Learning About Diabetes
What is Diabetes?
- Type 1 Diabetes. This diabetes is often diagnosed in childhood. Type 1 diabetes is an auto-immune disease and is caused when the immune system attacks the pancreas, preventing it from making insulin. This can be a genetic condition.
- Type 2 Diabetes. This is the most common type of diabetes. More than 95% of diabetes cases are diagnosed in adults. Due to the increase in obesity and overweight children and teenagers, Type 2 diabetes is now common in all age ranges. Type 2 diabetes is often caused by lifestyle habits including poor diet, obesity, and lack of exercise.
- Gestational Diabetes. This diabetes occurs during pregnancy. Gestational diabetes is typically diagnosed in mid-to-late pregnancy. Gestational diabetes puts the unborn baby at risk of abnormal weight gain before birth, breath problems, and diabetes risk.
What are The Signs and Symptoms of Diabetes?
- Increased hunger and fatigue. Because your body isn’t able to process the glucose (energy) from your food, you’ll feel low on energy and hungry.
- Increased thirst and urination. People with diabetes have to pee much more frequently than those without the diabetes. On average, a healthy person pees between four and seven times in a 24 hour period. Because people with diabetes pee more often, they typically have higher levels of thirst.
- Dryness. You can experience a dry pasty mouth and dry itchy skin. This dryness and itchiness is caused by your increased level of urination and lack of body fluid.
- Blurry vision. Because of an imbalance in your fluid levels, your eyes can swell. This swelling causes blurred vision.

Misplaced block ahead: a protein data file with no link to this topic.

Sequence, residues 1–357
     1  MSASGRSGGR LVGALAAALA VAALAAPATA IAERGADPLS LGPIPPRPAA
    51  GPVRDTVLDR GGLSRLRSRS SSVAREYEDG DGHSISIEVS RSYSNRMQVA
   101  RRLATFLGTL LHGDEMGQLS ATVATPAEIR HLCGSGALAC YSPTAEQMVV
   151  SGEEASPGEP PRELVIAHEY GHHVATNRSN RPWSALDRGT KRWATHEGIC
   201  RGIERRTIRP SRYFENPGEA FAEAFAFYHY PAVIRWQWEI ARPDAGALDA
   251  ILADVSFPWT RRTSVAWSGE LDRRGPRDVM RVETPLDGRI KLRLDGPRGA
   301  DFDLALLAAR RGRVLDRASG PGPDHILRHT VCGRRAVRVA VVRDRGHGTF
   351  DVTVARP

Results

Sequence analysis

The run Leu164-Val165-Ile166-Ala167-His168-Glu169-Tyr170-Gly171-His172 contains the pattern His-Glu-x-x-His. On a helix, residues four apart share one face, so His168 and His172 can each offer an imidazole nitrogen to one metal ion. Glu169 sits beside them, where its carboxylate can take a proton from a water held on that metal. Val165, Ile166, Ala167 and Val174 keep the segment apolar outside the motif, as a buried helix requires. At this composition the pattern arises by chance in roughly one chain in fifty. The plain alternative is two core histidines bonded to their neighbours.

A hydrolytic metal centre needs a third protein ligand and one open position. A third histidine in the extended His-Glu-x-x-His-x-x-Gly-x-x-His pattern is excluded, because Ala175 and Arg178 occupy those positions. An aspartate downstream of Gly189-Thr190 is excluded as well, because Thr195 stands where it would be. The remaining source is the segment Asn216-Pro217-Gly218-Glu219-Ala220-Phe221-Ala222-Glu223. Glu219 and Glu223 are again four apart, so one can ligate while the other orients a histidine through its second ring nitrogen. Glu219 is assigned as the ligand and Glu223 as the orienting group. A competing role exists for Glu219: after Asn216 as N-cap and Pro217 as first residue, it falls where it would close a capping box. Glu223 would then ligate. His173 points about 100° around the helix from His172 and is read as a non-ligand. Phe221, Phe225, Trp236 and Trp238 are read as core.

- Unusual weight fluctuations.
- Cuts and sores that are slow-to-heal.
- High frequency of yeast infections
- Numbness and tingling in your hands and feet.
- Erectile dysfunction.
- New velvety dark skin patches in the groin, neck, and armpits.
How is Diabetes Diagnosed and Treated?
- Fasting glucose test. Your blood sugar levels are measured in the morning before you have had anything to eat or drink.
- Oral glucose tolerance test. This test requires you to drink a high glucose drink and then your blood glucose levels are measured every 30 to 60 minutes for three hours.
- A1c test. This is a blood test that reads your average blood sugar levels for the previous two to three months.
- Insulin. The type of diabetes you have and how your body processes insulin, determines the type of insulin you require. How you receive the insulin is based on the insulin type and frequency it’s required. Some people use an insulin pump or self-inject insulin – it really depends on what is best for you.
- Drugs. There is a range of drugs available based on the type of diabetes and the impacts of the diagnosis. For example, drugs that impact glucose (sugar) production, increase insulin levels, or block the absorption of glucose.
- Diet. It’s important that people with diabetes eat a balanced healthy diet. It’s also key that your meals are eaten on a regular schedule. You’ll work with dietician to determine the best diet and meal schedule for your diabetes diagnosis.
- Exercise. Exercise improves the way your body uses insulin and can help lower your blood sugar levels. As well, because obesity is a common cause of Type 2 diabetes, exercise is frequently prescribed. Talk to your doctor about the best exercise plan for you diabetes diagnosis.
- Natural supplements. Recent research shows that AHCC can have blood sugar lowering effects . Talk to your doctor and healthcare specialist about taking natural supplements such as AHCC to help treat your diabetes.